(Non-turners can skip this paragraph) It could have been turned from the solid, but as an amateur I dislike producing unnecessary swarf, so I fabricated it from three separate parts. I glued the spindle into the cross bar and turned the outside of the bar down to fit into a seat turned in the end of a piece of scrap, thick-walled tubing. At the same setting, I turned down the outside of the tube at the spindle end to form a fairly true seat, for holding the tube in the chuck for the relatively heavy turning required to form the diameters of the business end. When the business end was nearly to size, I fitted the collet chuck to the lathe, held the workpiece by the spindle and took the necessarily light cuts on the cutting end of the tool, to bring it to finished size.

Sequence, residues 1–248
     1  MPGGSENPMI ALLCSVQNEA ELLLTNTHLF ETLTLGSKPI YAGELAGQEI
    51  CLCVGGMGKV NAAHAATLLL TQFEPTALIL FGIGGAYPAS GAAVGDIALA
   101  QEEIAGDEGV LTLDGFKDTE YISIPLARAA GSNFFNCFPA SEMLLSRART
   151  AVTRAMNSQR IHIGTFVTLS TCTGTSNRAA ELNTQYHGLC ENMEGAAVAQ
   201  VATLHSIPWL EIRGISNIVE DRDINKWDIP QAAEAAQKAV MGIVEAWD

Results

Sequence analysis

This accomplished without disaster, the next step is to prepare the mirror blank, by cutting out a square that will provide the mirror with a generous margin of about 15 mm. If one simply grinds through the blank, there is a tendency for the edges to chip and splinter as the tool breaks through, so I glued a piece of ordinary glass to the underside using Araldite and ground through both. It is not of course necessary to go all the way through the sacrificial glass once it has done its job of supporting the edge of the mirror. Once the glue has set, a few pieces of masking tape provide some protection to the upper, silvered side of the mirror from stray particles of grinding grit. I have tried the classical glass-workers cement of 50 percent beeswax melted together with an equal quantity of Rosin, but found that the heat generated by the grinding sometimes caused the cement to let go. Shellac flakes melted on the glassat about 180 degrees C in an oven are better, as the melting point of Araldite is very close to the temperature at which the mirror coating lets go of the glass.